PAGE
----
Andrea's Reviews > Super-Cannes

Super-Cannes by J.G. Ballard
Rate this book
Clear rating

by
1396977
's review

really liked it

I heard Ballard had died recently and decided it was time to pick up this book which had been sitting on my shelf for a few years. I had previously read Concrete Island, and was concerned that Super-Cannes would be, like that one, an example a clever idea played out in a somewhat unsatisfying way.

But not to worry... Super-Cannes is magnificent. The real meat here is the theme explored by Ballard, that we are moving into uncharted land in the 21st century- suburbia. The setting is Eden-Olympia, the business park of the future. Residents are the brightest and best, live in spotless villas nestled among man-made lakes and protected by an endless network of security cameras. As put so brilliantly by Wilder Penrose, the park psychologist, "work is the new leisure." (Written before the Blackberry!)
Through a somewhat predictable plot and a slow protagonist (Paul), Ballard explores what happens when as humans, our every need is met. At first many residents of EO fall ill... the social clubs and sports complexes and movie channels provide no relief from 90 hour work weeks. But the "rugby" club discovers a much more satisfying and primal solution, and soon EO is soaring, propelled by darker activities which speak to our human lust for danger and dirt.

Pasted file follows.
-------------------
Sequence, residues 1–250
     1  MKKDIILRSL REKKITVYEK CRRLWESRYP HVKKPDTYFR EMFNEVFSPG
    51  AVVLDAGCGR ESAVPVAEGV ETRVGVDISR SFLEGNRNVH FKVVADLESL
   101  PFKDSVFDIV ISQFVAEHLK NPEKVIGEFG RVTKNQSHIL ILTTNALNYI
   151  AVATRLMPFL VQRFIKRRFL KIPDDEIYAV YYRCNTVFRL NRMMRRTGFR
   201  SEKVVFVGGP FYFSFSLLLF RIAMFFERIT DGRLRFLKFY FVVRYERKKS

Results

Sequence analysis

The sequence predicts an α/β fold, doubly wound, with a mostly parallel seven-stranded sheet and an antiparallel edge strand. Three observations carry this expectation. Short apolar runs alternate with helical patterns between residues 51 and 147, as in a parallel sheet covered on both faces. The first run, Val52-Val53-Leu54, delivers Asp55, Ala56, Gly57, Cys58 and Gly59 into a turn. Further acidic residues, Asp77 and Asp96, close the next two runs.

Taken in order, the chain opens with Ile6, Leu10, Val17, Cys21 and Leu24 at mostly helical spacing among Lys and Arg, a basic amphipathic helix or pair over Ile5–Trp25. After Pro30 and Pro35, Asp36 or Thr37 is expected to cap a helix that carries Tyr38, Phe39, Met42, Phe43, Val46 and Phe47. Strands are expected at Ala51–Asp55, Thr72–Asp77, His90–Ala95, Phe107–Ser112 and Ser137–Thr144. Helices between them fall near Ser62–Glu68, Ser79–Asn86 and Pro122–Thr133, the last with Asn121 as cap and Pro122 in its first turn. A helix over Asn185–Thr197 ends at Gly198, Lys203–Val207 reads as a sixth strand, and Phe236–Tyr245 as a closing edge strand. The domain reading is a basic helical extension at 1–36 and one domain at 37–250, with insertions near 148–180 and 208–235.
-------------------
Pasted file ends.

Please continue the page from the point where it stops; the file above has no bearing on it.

Living in a well-manicured place myself, Ballard's themes are on my mind daily. Humans, after all, need a bit of unpleasantness to feel alive, and Ballard rightly steers his gifted characters to the worst kind of unpleasantness when opportunities for minor rebellion- painting a house purple or letting a dog sh*t where it pleases- are taken away.

The concept is nothing new (see Stepford Wives, Edward Scissorhands, etc. etc.) but do read this book if the homogeneity and manufactured beauty of suburbia has begun to weigh on you.
3 likes · flag

Sign into Goodreads to see if any of your friends have read Super-Cannes.
Sign In »

Quotes Andrea Liked

J.G. Ballard
“If their work is satisfying people don't need leisure in the old-fashioned sense. No one ever asks what Newton or Darwin did to relax, or how Bach spent his weekends. At Eden-Olympia work is the ultimate play, and play the ultimate work.”
J.G. Ballard, Super-Cannes

J.G. Ballard
“The twentieth century ended with its dreams in ruins. The notion of the community as a voluntary association of enlightened citizens has died forever. We realize how suffocatingly humane we've become, dedicated to moderation and the middle way. The suburbanization of the soul has overrun our planet like the plague.”
J.G. Ballard, Super-Cannes

J.G. Ballard
“Sooner or later, all games become serious.”
J.G. Ballard, Super-Cannes


Reading Progress

August 5, 2008 – Shelved
June 13, 2009 –
page 52
13.0%
June 14, 2009 –
page 107
26.75%
June 16, 2009 –
page 203
50.75%
June 22, 2009 –
page 288
72.0%
June 25, 2009 –
page 330
82.5%
Started Reading
June 30, 2009 – Finished Reading

No comments have been added yet.